In this post I'm going to look at the effect of inductance in the output circuit that the load is controlling.

 

Although you may not be specifically driving an inductor, the leads that you use have some inductance and this will have some effect on the the performance and stability. Why might the inductance have an effect? Although it's not inside the loop, the current in the circuit also passes through the sense resistor and that is inside the loop.

 

For this simulation I've placed an inductor in each lead and I'm going to use the parameter stepping again to vary the value so that we can get a feel for what happens. I'm going to do this for the original values and then for the values I selected for a better waveform shape and see what the difference is and whether I've unwittingly compromised the performance.

 

Before I do that, let's consider what a typical inductance for a lead might be. This is a formula due to Terman

 

L = 0.2 x length (ln(4 x length/diameter) - 0.75)

 

where length and diameter are in metres and the result is in uH.

 

For 1m of wire, with a diameter of 2mm, that gives about 1.4uH. It's important to note that the formula isn't a physical model and is very approximate - if you look at different sources you'll find different formulae. The actual inductance is the property that comes from the magnetic field that develops around the wire and that depends on the wire's physical arrangement in space and what else is close by. It also depends on frequency as at higher frequencies the current moves more towards the surface of the wire.

So we might see a few uH in each wire.

 

Here's the rising edge for the original circuit with C3=100pF and C2=4.7nF. I'm stepping the lead inductance by 20uH each time and I've separated the waveforms because it was too confusing having them all together. The inductance value is the inductance for each lead, so the inductance in the circuit is twice that value.

 

waveform-rising-4n7-100p.jpg

 

Now here's the same thing for my revised values of C3=220pF and C2=1nF

 

waveform-rising-1n-220p.jpg

 

The behaviour is a bit different between the two, though less so than I expected. With higher amounts of inductance, my values ring for longer, but with lower values, close to what we'd get with actual leads it looks a bit better.

 

Now here's what the circuit does with 1mH in each lead. First with Peter's original values and then with mine. Here the values Peter had in his original circuit are most definitely doing better, as the overshoot is less severe and it brings things under control a lot more smoothly. This really brings us brings us back to what we are trying to achieve with this (ie what the spec is supposed to be). Is it worth compromising the waveform shape with low values of output circuit inductance to cope with much larger inductances? In reality, neither of those situations looks very comfortable to me and I think I might be looking at some kind of over-current protection to shutdown down the transistor rather than trying to make the loop handle the situation more gracefully.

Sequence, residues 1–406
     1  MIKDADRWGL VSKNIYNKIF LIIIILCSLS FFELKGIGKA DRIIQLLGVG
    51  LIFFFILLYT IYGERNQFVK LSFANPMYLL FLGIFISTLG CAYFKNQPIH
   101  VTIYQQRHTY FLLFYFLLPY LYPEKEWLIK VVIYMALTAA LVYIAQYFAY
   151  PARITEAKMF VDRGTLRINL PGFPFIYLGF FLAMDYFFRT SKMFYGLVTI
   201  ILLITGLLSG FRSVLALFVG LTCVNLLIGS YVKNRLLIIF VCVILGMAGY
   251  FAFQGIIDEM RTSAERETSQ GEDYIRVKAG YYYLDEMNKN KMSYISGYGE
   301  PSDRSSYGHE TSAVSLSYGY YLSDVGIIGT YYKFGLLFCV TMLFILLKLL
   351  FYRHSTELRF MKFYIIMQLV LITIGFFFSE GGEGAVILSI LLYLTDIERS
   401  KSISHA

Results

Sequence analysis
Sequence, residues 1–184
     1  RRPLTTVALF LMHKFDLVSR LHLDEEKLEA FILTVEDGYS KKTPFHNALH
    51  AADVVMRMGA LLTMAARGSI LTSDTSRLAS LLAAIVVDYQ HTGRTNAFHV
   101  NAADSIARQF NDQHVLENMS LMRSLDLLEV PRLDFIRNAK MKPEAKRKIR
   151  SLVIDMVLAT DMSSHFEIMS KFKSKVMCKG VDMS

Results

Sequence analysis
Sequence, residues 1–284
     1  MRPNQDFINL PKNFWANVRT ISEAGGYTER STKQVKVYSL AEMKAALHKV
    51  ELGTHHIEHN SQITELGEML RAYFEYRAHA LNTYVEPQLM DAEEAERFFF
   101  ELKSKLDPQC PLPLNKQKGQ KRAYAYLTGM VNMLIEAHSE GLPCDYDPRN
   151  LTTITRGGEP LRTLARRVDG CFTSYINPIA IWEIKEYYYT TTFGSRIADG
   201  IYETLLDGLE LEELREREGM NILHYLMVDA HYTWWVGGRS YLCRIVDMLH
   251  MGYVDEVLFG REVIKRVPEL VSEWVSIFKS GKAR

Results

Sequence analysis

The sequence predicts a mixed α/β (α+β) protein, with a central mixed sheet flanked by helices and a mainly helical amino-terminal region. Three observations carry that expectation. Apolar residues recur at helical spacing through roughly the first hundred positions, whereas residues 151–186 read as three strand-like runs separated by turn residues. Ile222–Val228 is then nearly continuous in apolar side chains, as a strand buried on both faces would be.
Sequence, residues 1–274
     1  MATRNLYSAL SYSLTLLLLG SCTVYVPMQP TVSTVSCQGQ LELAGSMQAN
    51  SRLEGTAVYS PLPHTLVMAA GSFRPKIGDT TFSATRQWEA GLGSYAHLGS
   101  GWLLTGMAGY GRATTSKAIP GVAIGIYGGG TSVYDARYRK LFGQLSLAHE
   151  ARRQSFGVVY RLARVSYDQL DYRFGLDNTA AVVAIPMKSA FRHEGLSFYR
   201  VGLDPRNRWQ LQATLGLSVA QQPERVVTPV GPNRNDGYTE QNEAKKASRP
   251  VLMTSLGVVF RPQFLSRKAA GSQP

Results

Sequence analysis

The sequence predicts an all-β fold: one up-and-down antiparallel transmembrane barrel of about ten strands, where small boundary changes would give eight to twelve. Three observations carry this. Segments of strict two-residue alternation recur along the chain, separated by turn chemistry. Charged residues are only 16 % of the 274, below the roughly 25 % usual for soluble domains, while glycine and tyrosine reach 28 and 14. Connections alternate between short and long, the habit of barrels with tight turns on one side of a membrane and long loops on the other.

waveform-rising-4n7-100p-1m.jpg

 

waveform-rising-1n-220p-1m.jpg

 

Finally here's what 1mH in each lead looks like if we ramp the input up and down rather than using a step

 

waveform-rising-1n-220p-1m-slow-input.jpg

 

that's all nicely controlled because the output is keeping up with the current demanded by the control input and just meekly following it. So if we just want a precision load at DC, we can deal with high inductance simply by being careful with how fast we slew the input (assuming the voltage supplying the output load circuit isn't moving around).

 

Whether any of this is a problem depends very fundamentally on what the device is being used for. The inductance of the leads is fairly low anyway if they are kept short and it can be minimised further if we allow them to couple together simply by placing them next to each other where their magnetic fields then tend to cancel. If the intention is to deliberately drive actual coils, then much more work would need to be done to keep it stable and to protect the output transistor.

 

Something else that may be evident is that the situation with this is different to voltage/current control of a power supply. With a traditional linear power supply, there's a great big capacitor on the output and that is essentially the load of the servo system not what is hanging on the terminals. Any current control is handling the average, not the instantaneous loading. Here the servo is interacting directly with the load and the servo has to be designed and compensated accordingly.

 

Hope this is making a bit of sense. Not knowing the territory I'm floundering around a bit and going the long way round to get to places that some of you experts out there would go straight to.

 

Programmable Electronic Load: Dynamic Behaviour: Part 1 Overview

Programmable Electronic Load: Dynamic Behaviour: Part 2 The Servo Loop